When one reads the final guidance, “Medical Device Data Systems [MDDS], Medical Image Storage Devices, and Medical Image Communications Devices,” the song lyrics to Pink Floyd’s “Comfortably Numb” might come to mind (or, at least, they did to me):
When I was a child
I caught a fleeting glimpse
Out of the corner of my eye
I turned to look but it was gone
I cannot put my finger on it now
The child is grown
The dream is gone
I have become comfortably numb
In a policy shift that could cause a mild case of whiplash, the Food and Drug Administration (FDA) reversed, in part, its recently-issued enforcement approach for the aforementioned types of devices.
This Bulletin highlights some of the key provisions of the final guidance. We also offer our own observations. We will not describe here the history of FDA’s regulation of MDDS products.
- For background and context, FDA has defined a MDDS as a hardware or software product that transfers, stores, converts, formats, and displays medical device data. 21 C.F.R. § 880.6310. A “medical image storage device” is a device that provides electronic storage and retrieval functions for medical devices. 21 C.F.R. § 892.2010. Finally, a “medical image communications device” is one that provides electronic transfer of medical image data between medical devices. 21 C.F.R. § 892.2020.
- The agency distinguishes a MDDS from those devices intended for active patient monitoring. “Active” refers to “any device that is intended to be relied upon in deciding to take immediate clinical action.” FDA offers the example of a nurse telemetry station that receives and displays information from a bedside hospital monitor in an ICU.
- In the new final guidance, FDA noted that, since it down-classified MDDS products from Class III (high risk) to Class I (low risk) in 2011, it has “gained additional experience with these types of technologies, and has determined that these devices present a low risk to the public.”
- With this new familiarity and expertise, the agency concluded that it “does not intend to enforce compliance with the regulatory controls that apply to MDDS, medical image storage devices, and medical image communications devices.”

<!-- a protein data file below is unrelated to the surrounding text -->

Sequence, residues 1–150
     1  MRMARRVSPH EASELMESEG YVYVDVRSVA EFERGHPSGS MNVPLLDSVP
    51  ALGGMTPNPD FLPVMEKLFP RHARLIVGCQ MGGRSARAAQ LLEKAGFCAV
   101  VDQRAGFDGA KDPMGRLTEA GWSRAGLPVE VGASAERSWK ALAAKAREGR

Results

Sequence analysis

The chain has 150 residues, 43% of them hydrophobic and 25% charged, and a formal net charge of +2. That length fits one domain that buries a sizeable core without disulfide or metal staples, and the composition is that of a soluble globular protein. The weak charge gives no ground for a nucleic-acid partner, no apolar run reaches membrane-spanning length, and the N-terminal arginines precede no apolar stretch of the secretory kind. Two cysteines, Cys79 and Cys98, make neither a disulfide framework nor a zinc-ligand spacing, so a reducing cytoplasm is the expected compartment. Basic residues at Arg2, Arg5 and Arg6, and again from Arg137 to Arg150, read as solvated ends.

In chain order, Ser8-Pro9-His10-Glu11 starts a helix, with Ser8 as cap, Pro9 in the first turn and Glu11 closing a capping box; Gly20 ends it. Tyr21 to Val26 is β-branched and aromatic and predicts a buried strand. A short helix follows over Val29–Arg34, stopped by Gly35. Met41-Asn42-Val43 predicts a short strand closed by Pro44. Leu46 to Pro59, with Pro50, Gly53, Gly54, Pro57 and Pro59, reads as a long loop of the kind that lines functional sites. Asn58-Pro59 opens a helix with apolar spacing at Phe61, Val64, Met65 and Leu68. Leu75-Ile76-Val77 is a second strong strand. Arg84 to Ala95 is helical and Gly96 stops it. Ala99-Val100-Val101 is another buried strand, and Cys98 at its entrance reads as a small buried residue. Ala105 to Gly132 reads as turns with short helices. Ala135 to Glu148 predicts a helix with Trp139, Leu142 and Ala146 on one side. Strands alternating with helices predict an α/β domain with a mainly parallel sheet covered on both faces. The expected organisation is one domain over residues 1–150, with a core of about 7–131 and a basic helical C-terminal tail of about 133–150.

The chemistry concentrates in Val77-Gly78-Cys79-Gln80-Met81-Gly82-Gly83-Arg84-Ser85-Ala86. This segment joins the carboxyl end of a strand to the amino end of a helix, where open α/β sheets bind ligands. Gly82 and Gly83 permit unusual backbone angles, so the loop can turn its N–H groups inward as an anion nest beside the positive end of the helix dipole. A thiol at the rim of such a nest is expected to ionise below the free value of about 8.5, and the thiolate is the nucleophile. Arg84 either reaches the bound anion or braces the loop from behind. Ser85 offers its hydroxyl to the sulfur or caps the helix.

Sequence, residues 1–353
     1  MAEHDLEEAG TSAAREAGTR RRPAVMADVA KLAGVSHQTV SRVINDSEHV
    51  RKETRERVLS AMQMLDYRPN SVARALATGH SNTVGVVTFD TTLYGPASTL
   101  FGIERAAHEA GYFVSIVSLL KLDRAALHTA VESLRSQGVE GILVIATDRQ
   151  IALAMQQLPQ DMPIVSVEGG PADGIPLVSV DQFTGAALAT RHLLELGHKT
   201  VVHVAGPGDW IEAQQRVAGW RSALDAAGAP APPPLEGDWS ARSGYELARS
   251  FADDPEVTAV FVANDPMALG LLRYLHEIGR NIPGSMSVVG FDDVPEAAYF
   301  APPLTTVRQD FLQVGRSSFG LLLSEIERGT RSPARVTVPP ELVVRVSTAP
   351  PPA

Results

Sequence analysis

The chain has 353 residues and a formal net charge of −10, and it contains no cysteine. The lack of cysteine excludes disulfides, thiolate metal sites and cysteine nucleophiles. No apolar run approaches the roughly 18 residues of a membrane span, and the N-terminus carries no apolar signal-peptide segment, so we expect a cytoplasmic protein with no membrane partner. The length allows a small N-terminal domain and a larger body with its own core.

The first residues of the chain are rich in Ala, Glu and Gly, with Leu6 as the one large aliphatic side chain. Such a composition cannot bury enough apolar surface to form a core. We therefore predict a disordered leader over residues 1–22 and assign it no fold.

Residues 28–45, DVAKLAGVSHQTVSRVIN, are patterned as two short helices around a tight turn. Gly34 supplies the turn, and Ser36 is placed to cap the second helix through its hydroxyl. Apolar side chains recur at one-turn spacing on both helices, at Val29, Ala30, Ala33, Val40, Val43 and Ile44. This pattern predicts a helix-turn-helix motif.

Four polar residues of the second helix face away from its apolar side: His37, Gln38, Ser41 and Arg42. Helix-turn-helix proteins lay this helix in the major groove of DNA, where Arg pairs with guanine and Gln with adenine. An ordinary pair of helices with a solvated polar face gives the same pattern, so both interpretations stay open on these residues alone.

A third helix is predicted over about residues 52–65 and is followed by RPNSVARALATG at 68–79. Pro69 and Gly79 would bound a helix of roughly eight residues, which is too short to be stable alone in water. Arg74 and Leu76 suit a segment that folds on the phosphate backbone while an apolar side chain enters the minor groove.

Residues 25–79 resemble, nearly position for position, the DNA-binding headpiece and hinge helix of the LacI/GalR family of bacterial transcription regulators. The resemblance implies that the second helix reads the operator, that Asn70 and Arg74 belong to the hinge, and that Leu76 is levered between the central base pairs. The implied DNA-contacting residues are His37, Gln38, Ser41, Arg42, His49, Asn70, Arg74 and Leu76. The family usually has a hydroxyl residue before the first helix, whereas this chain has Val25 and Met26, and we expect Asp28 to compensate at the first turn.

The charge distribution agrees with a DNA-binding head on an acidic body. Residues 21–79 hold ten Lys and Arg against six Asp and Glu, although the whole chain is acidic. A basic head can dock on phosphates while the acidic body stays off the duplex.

- Therefore, the agency said that, for the aforementioned devices, it will not enforce compliance with requirements relating to establishment registration, product listing, premarket notification (i.e., a 510(k)), postmarketing reporting, and quality system regulations (QSRs)). These requirements apply to Class I devices, but FDA intends to exercise enforcement discretion.
- The products described remain medical devices. FDA did not change the regulatory classification. Therefore, while FDA plans to exercise enforcement discretion with certain types of products, the agency has not abdicated its ability to regulate these products, such as misbranding of a product.
- It is important to recognize that FDA is very specific to those devices affected by the final guidance. All of them share a passive or static nature – e.g., storage or display of data, no modification of data. The guidance is limited. On the other hand, a device that modifies data (e.g., converting from a number to a graph) or performs active functions, such as active patient monitoring, is not covered by the enforcement discretion outlined by FDA. Thus, the device’s label, labeling, and intended use (e.g., promotional materials, verbal statements) are crucial in evaluating a device’s classification and regulatory requirements. The more a product claims to be instrumental in diagnosing, treating, or assisting in clinical decisions or actions, the more FDA will regulate (e.g., requiring a 510(k) or a Premarket Approval Application, QSRs).
- To continue with the Pink Floyd theme, FDA heard industry was feeling down, tried to “ease your pain” to get industry back on its feet again (i.e., to advance digital health), and “relax.” However, remember to review “some information first, just the basic facts,” to minimize getting hurt – so you, too, can feel comfortably numb.